Avoiding Heroics 1

This is the first of two or three posts about humility. But to keep the focus on humility as it is portrayed for disciples of Jesus in the Bible, I’ll avoid that word “humility,” since nowadays it normally represents something quite different. Instead, I say “Avoiding Heroics” because heroism is how we often think of being a disciple of Jesus. Being a “Christian” is perhaps something easier (at least for anyone living in a land of churches, as I certainly do), but “discipleship” sounds more serious. It sounds like something that might involve discipline, risk, and sacrifice, and so we can easily start thinking that the more I give up or engage in spiritual workouts the more I am engaging in “discipleship.” Sometimes we need a reminder that God’s grace can grant us some amount of “normal life.” Something like what we find in Ecclesiastes:

There is nothing better for a person than to eat, drink, and find enjoyment in work. (Ecclesiastes 2:24; so also 3:12, 22; 5:18-19)

Another common theme in that odd Old Testament book cautions against wearing yourself out to get more money, which simply takes away from that same enjoyment of normal life (and you can’t take it with you anyway). The same thing is said about being religious or pious or educated — or, for that matter, about being stupid or evil:

Don’t be over-righteous or too wise: why kill yourself?
Don’t be overly wicked or a fool: why die young? (7:16-17)

Extremes take the living out of life and can, as some researchers have found out for us about repetitive rage, shorten life as well. All that can be taken together as reason number 1 for me not to be charmed by extremes in my understanding of discipleship.
    Reason number 2 is the mismatch we often experience between planning and doing. Here, again, Ecclesiastes:

When you make a promise to God, don’t delay fulfilling it, because he is displeased by fools. Do what you promise to do; it is better not to make a promise than to make one and not carry it out. (5:4-5)

Ask yourself: if I make this promise to God or myself or whomever and then fail to carry it out fully, will that set me back farther behind than I was to begin with? Better just to do today than to make promises about tomorrow. “Promises” may be too strong a word for it, but it seems that we as individuals can often encounter some sort of spiritual discipline or way of being better or improving behavior that looks good at the time, that calls forth a barely conscious resolution, and that is quickly violated or forgotten. Some people do better with this sort of thing, but the rest of us are left complaining about our lack of self-discipline.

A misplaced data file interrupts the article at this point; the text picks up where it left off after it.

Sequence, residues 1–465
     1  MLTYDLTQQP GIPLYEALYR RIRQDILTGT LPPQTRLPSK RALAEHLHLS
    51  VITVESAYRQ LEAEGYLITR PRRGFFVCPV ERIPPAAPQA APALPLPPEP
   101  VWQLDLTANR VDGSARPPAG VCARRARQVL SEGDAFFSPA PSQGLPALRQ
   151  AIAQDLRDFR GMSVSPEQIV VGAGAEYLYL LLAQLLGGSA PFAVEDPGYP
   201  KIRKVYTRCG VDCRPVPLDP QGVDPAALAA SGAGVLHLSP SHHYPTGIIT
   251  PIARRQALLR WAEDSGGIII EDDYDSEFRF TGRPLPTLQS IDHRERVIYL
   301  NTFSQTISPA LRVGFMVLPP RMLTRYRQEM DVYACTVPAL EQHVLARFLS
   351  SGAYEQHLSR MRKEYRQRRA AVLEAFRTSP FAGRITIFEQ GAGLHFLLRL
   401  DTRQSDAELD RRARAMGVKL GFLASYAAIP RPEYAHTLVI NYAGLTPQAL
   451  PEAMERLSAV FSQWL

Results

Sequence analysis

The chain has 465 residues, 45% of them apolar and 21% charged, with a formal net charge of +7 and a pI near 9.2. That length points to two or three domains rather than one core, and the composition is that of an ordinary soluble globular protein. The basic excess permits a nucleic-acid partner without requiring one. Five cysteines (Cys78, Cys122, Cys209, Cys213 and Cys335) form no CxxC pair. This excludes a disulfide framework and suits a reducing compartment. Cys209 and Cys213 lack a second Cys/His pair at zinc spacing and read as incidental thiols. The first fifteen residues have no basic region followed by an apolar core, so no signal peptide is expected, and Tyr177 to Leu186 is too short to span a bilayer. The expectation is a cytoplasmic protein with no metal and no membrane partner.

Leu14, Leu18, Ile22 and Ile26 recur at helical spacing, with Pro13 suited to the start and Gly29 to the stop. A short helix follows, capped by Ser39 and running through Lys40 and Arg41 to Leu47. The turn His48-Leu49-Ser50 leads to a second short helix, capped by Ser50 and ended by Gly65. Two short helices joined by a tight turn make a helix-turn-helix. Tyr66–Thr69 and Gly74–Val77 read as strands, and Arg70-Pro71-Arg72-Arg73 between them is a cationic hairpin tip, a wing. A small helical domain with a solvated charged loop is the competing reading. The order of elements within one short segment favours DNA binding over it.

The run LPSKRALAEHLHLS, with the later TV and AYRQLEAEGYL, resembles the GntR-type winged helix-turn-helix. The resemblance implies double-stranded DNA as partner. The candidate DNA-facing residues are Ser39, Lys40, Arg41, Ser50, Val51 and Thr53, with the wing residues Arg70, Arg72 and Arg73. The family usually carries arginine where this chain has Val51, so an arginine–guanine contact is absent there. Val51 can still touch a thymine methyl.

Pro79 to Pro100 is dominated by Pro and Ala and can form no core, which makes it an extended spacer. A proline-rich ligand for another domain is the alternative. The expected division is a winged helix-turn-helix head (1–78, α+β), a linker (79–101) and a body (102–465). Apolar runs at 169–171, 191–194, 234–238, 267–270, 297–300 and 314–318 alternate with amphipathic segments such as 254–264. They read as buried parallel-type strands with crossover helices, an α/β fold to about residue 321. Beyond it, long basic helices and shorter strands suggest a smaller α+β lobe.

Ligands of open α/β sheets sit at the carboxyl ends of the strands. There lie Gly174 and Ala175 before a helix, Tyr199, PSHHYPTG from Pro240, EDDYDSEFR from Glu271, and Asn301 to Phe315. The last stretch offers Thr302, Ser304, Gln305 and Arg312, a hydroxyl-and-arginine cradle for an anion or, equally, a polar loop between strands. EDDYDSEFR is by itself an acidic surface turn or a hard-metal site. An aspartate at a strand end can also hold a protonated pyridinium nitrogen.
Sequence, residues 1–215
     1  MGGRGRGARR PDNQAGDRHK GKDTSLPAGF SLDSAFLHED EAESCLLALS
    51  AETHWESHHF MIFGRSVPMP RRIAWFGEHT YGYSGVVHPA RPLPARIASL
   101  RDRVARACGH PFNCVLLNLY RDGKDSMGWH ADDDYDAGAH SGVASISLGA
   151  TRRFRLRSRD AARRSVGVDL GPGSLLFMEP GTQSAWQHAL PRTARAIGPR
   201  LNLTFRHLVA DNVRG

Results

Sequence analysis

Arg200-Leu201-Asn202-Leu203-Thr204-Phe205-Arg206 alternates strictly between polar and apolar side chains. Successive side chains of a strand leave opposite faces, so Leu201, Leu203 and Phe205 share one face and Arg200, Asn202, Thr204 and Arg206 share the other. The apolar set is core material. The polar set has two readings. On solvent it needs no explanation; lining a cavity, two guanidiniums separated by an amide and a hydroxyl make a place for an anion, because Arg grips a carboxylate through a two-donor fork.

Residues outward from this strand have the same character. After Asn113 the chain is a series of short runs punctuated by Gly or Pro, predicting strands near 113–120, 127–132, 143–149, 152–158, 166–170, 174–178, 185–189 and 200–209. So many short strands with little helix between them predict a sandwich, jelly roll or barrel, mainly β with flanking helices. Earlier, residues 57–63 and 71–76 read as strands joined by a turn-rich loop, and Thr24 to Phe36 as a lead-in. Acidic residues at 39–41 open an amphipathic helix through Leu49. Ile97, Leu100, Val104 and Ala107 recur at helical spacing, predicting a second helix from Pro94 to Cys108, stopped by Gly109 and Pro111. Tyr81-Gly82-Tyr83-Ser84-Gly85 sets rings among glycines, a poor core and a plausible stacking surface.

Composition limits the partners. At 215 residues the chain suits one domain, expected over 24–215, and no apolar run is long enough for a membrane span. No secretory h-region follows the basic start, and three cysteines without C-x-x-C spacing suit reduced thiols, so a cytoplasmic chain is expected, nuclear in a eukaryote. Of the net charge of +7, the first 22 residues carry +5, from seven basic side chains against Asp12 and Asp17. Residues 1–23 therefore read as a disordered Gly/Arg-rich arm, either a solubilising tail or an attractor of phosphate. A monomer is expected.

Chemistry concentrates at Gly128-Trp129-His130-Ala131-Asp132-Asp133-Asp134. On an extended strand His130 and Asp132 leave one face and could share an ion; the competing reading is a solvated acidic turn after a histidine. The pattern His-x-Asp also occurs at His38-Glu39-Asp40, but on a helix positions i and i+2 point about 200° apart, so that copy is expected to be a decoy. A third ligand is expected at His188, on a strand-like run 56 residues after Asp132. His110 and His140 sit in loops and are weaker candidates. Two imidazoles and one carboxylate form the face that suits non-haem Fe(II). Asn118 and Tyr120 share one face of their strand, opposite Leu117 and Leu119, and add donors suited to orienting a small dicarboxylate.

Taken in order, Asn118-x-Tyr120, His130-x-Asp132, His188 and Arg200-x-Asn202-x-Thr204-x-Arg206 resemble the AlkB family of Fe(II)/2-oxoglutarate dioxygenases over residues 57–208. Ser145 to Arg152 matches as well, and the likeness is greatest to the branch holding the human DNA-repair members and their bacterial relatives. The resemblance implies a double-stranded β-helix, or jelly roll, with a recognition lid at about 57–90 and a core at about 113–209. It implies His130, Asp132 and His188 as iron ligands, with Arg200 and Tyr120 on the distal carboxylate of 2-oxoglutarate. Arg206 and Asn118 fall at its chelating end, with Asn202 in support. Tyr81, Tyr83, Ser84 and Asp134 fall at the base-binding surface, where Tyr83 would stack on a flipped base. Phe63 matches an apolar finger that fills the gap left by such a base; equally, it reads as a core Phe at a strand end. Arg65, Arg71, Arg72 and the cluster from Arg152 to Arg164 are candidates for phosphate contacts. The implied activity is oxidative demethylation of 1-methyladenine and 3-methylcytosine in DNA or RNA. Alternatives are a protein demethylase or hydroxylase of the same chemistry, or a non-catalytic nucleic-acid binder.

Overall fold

Right after Paul calls on us to give ourselves to God as a sacrifice and to separate ourselves from thinking whose usefulness is limited to this age (Romans 12:1-2), he cautions us in a way that sounds like he might have realized the potential for disappointment that his lofty exhortation could set some of us up for. It’s hard to give any sort of faithful but understandable translation or paraphrase of the next verse, but the sense is clear: Shifting now from exhortation of the plural “you,” the congregation, to a singular consideration of each individual in himself or herself,

I call on each one of you not to think of yourself more highly than you should, but to think in such a way as to be moderate, in accordance with how much faith God has given each of you. (Romans 12:3)

Sober self-assessment has a place alongside collective enthusiasm for being “a living sacrifice” to our God. It is not ideals or inspiration but faith that will carry me along any new path of consecration to the ways and work of Jesus. And not some pure and complete faith but the faith I really have, faulty or incomplete as it is. Hard as it may be, especially if self-knowledge is not a habit, I need to be realistic, to hold back from promises that that assessment of faith tells me I won’t fulfill or even remember.
    The sort of disappointment any one of us can feel looking back on unsustained resolve is really a lie. It tells us wrong things about our relationship with God. It places that relationship on some other basis than God’s covenant of grace. It gives far too much importance to the promise and to our own consistency, which God knows we are lacking in.
    So avoid heroics. Don’t beat yourself up.


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